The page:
I wouldn’t call it stalking, necessarily, but every now and again I would try to check in on Tony and Wendy. She posts much more frequently – and it was on her page that I learned that their dad had passed away a few years ago. My most recent foray revealed that Tony and his wife have split up – so that address I found for Eric a few years ago won’t do him any good now.
Ever since Eric’s college graduation last May, I’ve been thinking on and off about reaching out to Tony, just to let him know his kid is all grown up – a smart, good-looking, thoughtful man. Glad now that I didn’t send a copy of the graduation photo to that address I had for him. But my walk down Memory Lane via Wendy’s FB page was a reminder that Tony really did cut ties with both Eric and me rather completely. There were photos from the time we were dating – but none of Tony and me. It almost felt like I never existed in his life. Perhaps not so surprising, in that this was his sister’s feed – but as much time as I spent with his family, you’d think I might have shown up in one picture. There’s actually a photo of him and his dad in front of a Trump casino in Atlantic City, wearing identical leather jackets. I remember that trip – I’m standing frozen in time, out of frame, but just a few feet away from them. A very similar picture of Tony and me was taken – I actually gave that to Eric a few years ago.
I was also reminded about the Christmas when Tony and I went gift shopping together – for his family. Turns out, he didn’t get me anything, and then took all the gifts I’d helped him wrap and toddled off to Baltimore to spend the holidays with his family, leaving me on my own in Jersey City. Yeah – there were some real douchey moments, and I was an idiot for sticking around as long as I did. Live and learn, isn’t that what they say?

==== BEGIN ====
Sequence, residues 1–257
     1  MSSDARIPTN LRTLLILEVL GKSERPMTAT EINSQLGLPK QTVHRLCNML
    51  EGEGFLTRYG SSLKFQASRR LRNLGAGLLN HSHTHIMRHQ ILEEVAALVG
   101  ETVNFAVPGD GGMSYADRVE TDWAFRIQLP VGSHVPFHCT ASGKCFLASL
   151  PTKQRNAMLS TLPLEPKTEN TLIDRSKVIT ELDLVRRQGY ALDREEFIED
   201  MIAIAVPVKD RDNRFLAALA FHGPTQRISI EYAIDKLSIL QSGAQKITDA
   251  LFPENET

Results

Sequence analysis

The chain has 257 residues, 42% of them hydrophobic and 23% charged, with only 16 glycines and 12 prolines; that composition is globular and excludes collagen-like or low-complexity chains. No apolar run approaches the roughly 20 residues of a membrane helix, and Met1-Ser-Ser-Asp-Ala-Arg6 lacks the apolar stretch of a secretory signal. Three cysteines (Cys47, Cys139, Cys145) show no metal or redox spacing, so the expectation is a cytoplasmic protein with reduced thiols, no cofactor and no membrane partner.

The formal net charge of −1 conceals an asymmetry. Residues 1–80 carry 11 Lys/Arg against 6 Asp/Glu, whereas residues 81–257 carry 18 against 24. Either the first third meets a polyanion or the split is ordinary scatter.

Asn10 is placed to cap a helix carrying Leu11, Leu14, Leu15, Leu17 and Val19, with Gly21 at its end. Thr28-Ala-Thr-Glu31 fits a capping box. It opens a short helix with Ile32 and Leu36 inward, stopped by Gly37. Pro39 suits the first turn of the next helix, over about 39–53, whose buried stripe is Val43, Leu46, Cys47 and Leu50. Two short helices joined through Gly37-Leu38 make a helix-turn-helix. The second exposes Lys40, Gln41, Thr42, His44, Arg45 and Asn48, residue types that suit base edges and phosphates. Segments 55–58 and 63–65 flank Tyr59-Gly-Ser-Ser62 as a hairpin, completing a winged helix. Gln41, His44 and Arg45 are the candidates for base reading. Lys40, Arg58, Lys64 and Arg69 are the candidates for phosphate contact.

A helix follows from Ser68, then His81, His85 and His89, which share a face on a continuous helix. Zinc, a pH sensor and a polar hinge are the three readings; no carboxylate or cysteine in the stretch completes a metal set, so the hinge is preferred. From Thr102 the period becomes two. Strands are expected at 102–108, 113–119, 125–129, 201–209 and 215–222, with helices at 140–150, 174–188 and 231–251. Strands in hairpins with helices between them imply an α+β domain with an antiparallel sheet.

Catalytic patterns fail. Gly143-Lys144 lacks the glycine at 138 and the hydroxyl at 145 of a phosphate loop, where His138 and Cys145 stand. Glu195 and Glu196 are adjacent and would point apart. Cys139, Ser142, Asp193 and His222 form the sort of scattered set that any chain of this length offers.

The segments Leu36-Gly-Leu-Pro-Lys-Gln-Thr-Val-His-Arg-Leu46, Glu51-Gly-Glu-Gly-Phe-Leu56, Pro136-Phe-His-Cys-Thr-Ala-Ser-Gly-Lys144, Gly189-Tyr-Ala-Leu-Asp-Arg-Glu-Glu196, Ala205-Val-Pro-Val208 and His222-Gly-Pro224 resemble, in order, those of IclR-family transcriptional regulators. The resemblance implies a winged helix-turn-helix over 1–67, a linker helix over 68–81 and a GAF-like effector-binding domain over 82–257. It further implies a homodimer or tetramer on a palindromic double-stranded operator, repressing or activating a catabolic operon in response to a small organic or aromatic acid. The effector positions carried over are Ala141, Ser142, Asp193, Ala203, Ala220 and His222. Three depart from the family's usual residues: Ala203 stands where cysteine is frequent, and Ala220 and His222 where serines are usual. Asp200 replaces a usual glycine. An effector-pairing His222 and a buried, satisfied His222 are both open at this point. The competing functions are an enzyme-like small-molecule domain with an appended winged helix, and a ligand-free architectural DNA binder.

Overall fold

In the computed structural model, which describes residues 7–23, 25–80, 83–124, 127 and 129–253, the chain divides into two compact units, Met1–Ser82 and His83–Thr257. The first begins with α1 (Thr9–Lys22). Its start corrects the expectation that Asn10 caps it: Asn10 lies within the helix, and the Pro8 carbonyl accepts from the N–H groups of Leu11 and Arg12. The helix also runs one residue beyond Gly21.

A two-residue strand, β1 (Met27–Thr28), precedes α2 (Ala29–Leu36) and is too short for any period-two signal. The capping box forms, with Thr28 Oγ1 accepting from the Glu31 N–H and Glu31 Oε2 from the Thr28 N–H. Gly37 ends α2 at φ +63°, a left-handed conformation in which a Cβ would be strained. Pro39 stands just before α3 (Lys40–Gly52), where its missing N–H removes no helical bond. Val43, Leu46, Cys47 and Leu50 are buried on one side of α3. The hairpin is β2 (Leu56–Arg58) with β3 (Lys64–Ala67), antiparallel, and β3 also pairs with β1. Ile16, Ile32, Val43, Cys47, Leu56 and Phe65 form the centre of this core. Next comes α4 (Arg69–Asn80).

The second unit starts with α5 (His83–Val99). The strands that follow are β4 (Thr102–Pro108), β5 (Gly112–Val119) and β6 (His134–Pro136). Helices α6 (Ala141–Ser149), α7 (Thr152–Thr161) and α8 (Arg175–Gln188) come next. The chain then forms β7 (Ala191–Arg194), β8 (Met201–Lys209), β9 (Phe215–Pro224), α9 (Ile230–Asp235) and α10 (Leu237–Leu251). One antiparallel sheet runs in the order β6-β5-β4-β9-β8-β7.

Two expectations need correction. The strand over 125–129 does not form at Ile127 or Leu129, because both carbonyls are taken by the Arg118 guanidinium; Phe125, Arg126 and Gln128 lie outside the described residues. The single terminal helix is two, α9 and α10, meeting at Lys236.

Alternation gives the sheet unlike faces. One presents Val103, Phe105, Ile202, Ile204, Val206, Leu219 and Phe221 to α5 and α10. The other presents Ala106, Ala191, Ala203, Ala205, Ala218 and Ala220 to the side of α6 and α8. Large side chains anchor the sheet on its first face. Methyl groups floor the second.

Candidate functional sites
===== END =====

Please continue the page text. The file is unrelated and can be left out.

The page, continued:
Why do I still think about getting in touch? I guess because I really do want Eric to have all the information he can – before people die and there’s no way to retrieve it. This is his birthfather’s family – people who are his blood relations. Tony told me he’d told Molly (the live-in girlfriend from 2002) about Eric and still planned to tell his family, but I have no idea whether that ever happened. How could he NOT? ricochets through my head – but pretty easily, I’m guessing, if he still compartmentalizes the way he used to.
I remember a while back seeing that Wendy was pretty invested in the whole genealogy fascination, so the thought occurred to me that I might reach out to her, instead of Tony, and just take my chances that she’d get back to me, regardless of whether or not she’d ever learned she has a nephew (or that her daughters have a cousin). If anyone would have their family tree info, it would be Wendy. Reading through her FB posts, I believe we’d get along a lot better today than we did 29 years ago – but considering further, I recognized that her loyalty will always be to her brother first, so I think I’ve pretty much talked myself out of that idea.